GO GREEN DRESS: ‘RECOLLECTIONS' EXCLUSIVE COLUMN BY THI NGUYEN
ON THE ISLAND
PART 4: MORE QUESTIONS, LESS ANSWERS To our surprise, there were many other Vietnamese refugees on this island. It was a mini bustling city of hustlers sizing us up upon our arrival. Makeshift shelters sprawled across the sandy beach as far as the eye could see. How long had these people been here? We were approached by a gentleman who seemed to know his way around. He quickly realized our dire situation and decided to make us an offer. "Help me get off this island and I'll help you fix your boat." He claimed to have access to parts that were needed and had experience in fixing them. We asked why he hadn't been able to leave and his response was that no one could add him to their family list and he didn't have paperwork to leave the island. What paperwork? What was he referring to? Who decides if one can go or not? Who was in charge of this island?
There was another boat that arrived shortly after us. They have been drifting for months and upon arrival didn't say much. The passengers looked famished, quietly deboarding with one crying uncontrollably. He must have been 15 years old, maybe younger. We later learned in order to survive, the passengers on this boat ended up participating in cannibalism with one of the passengers who had passed away due to starvation.
It turns out 2 brothers set out together alone on this journey and the younger brother became weak, without food, water, or land in sight. As hours went on for days, days went on for weeks, and eventually, the passengers found themselves without food and water and no strength to steer in any direction. With a lack of nutrition, drinking water, and no food, unfortunately, the younger brother passed away while at sea. The older brother mourned his death for days, if not weeks. Although skin and bones, his brother’s body provided salvation for the other passengers to survive in order to make landfall. It was shared that after this incident the mental state of these passengers was not the same, especially for the older brother who had to choose between surviving or parishing in the open water.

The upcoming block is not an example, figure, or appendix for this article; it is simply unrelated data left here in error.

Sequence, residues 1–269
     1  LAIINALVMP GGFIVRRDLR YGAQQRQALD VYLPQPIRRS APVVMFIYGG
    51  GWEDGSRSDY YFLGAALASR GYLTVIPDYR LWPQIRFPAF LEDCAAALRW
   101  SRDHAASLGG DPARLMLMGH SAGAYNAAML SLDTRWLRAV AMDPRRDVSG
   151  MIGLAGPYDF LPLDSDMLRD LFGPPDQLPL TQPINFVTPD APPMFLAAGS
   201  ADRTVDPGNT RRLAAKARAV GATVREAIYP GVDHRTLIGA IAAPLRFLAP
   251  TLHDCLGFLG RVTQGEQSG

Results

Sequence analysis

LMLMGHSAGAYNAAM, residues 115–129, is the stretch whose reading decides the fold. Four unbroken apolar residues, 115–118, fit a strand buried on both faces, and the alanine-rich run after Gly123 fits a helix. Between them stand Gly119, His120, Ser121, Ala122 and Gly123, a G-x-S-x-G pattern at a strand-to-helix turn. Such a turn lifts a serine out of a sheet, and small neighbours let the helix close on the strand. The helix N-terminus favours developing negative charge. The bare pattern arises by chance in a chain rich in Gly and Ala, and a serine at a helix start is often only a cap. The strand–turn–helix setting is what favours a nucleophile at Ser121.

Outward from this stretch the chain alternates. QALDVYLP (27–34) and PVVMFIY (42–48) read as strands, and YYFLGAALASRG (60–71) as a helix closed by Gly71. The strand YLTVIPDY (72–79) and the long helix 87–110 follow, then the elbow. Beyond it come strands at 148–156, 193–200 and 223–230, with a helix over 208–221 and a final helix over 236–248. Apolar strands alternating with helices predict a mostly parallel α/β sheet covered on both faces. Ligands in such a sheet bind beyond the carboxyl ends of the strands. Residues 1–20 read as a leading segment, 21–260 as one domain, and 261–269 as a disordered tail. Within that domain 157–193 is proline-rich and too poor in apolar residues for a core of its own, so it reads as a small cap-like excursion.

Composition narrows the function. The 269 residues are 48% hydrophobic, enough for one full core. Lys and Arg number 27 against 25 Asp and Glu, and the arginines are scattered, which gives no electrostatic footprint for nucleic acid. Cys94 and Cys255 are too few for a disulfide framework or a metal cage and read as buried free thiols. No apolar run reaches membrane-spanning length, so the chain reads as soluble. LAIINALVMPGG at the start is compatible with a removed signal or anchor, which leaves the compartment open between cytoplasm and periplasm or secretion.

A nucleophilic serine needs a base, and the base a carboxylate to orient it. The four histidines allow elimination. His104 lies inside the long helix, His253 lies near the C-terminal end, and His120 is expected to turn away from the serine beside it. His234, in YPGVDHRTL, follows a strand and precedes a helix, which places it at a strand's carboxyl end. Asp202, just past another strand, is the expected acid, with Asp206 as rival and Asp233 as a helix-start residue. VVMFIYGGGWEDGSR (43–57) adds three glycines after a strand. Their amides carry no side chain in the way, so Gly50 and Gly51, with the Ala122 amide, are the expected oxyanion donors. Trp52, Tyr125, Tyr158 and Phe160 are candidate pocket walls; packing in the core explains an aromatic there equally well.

Stories as such seemed to be the norm amongst some of the other survivors on the island. We continued to hear tales of pirate attacks, rapes, murders, deaths, and the will to live amongst these weary travelers left. Looking around, you realized that these individuals are the lucky few who actually survived the journey. It seems we were considered very lucky to have gotten this far.
We discovered this island was not part of the refugee camp. It was a midway point and although we had no way of reaching our loved ones here, at least we had a place to rest and wait while our boat got fixed. 165 AWARENOW / THE MENTAL EDITION